Tyler Jimenez is broadly interested in how people respond to threats, be that to their society, worldview, or even existence, and how these responses affect health and intergroup relations. This has led to research on topics such as racist backlash against social progress and policy decisions in the face of shifting racial demographics. In the future, Tyler Jimenez hopes to continue researching these and similar topics, with an eye towards improving the health of, particularly Indigenous, communities.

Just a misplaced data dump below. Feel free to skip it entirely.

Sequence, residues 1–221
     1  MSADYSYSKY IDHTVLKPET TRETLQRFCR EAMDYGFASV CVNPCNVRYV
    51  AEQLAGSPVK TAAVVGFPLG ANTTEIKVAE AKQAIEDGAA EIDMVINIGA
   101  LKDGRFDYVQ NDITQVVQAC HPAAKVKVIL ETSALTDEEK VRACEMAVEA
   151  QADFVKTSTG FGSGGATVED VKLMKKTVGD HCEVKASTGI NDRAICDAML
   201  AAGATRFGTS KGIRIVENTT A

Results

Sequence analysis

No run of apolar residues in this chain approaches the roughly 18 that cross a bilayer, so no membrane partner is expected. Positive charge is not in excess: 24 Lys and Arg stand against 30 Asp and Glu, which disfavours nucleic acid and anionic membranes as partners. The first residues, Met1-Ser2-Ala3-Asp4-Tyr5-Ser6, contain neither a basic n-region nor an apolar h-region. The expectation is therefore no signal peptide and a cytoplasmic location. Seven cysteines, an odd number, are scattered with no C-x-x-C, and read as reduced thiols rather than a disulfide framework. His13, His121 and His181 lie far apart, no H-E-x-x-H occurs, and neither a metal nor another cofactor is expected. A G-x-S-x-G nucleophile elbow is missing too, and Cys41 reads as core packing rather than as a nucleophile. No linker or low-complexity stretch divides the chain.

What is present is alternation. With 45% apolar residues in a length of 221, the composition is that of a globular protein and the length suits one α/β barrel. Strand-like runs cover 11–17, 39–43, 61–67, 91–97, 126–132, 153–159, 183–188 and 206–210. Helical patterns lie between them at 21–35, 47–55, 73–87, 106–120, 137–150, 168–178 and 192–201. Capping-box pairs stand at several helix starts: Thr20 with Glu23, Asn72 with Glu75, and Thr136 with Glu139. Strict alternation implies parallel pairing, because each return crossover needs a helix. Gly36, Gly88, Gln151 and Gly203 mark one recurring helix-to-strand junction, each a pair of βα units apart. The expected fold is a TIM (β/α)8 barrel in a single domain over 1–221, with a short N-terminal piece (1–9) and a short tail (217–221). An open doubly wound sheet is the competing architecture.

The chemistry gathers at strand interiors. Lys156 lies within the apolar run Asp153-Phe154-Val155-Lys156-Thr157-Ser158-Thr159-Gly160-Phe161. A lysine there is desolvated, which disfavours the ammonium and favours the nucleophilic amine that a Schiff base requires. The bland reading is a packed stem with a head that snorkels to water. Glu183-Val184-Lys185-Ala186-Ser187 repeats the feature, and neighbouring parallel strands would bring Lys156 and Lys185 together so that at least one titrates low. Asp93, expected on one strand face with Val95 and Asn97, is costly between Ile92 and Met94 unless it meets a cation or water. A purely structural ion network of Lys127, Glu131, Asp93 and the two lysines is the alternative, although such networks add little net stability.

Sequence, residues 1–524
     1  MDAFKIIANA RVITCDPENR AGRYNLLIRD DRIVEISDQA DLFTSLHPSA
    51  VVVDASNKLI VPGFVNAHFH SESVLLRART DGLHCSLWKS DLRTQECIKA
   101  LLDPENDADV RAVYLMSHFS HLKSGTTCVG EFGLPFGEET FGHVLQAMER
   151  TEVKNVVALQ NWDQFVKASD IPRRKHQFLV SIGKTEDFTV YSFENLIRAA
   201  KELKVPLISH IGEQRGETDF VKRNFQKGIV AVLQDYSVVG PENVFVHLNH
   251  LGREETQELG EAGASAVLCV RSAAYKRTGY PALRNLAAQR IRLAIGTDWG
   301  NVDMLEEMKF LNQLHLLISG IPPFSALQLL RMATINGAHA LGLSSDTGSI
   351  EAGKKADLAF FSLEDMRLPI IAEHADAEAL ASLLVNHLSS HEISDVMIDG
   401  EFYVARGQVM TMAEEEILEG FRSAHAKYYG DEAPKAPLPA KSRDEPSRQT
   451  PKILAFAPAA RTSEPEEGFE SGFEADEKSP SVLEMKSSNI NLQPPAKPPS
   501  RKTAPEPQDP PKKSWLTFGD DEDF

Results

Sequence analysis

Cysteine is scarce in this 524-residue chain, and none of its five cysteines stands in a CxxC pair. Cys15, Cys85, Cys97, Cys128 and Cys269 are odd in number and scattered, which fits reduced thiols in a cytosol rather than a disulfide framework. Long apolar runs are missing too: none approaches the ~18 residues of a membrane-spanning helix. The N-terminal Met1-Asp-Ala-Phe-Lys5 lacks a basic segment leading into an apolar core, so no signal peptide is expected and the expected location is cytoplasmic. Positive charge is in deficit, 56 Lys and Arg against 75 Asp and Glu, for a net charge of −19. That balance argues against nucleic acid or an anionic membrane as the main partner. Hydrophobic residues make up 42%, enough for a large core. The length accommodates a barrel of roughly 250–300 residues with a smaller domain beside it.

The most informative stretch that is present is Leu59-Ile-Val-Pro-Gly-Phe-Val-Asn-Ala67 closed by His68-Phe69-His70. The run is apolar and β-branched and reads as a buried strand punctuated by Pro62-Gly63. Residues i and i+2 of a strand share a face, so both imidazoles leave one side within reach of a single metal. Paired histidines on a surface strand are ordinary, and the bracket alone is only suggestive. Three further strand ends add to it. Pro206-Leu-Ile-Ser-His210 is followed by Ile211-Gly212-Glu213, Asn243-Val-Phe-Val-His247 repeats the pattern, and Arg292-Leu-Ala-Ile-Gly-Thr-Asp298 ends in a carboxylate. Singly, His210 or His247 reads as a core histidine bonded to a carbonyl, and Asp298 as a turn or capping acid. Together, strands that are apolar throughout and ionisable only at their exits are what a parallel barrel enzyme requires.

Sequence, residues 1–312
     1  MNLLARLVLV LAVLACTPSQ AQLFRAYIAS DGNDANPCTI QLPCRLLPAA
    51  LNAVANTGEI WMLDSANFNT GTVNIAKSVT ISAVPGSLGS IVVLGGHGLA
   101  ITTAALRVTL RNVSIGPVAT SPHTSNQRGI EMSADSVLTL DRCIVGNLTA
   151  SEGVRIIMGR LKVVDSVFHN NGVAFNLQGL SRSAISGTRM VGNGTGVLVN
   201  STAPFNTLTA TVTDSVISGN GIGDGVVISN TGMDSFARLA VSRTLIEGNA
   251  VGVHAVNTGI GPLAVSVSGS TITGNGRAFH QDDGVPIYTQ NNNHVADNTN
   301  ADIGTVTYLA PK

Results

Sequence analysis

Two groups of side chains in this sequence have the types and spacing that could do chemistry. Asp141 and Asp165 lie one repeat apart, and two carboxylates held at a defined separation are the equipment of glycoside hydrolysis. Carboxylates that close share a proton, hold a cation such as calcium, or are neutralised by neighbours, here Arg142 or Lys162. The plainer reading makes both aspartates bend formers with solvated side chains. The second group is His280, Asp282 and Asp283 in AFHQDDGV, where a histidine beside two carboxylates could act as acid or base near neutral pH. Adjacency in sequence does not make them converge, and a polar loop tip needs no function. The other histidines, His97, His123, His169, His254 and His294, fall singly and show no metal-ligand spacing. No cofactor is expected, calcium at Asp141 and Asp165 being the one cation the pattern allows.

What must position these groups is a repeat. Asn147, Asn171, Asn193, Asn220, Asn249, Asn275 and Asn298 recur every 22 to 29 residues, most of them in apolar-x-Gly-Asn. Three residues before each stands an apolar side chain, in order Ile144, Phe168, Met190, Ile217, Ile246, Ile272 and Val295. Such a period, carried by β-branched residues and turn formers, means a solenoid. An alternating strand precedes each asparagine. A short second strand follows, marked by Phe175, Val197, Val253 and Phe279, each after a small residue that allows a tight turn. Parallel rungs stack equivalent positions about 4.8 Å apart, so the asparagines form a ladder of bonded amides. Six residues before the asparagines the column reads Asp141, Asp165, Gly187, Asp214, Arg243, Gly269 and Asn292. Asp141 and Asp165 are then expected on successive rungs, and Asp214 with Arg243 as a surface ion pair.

MORE ABOUT TYLER
Tyler Jimenez, a member of Nambé Pueblo, was raised in Albuquerque, NM. His background fostered an acute sensitivity to injustice and a desire for a better world.
DISSERTATION GRANT AWARDEE — NOVEMBER 2020
In the U.S., approximately 1,000 people are killed and 75,000 people are injured by police each year (Feldman et al., 2017). Such violence is exacerbated by the militarization of police; police departments that acquire and utilize military equipment become more likely to kill civilians in the future (Delehanty et al., 2017). Seven studies investigate police militarization at the individual, departmental, and population levels.
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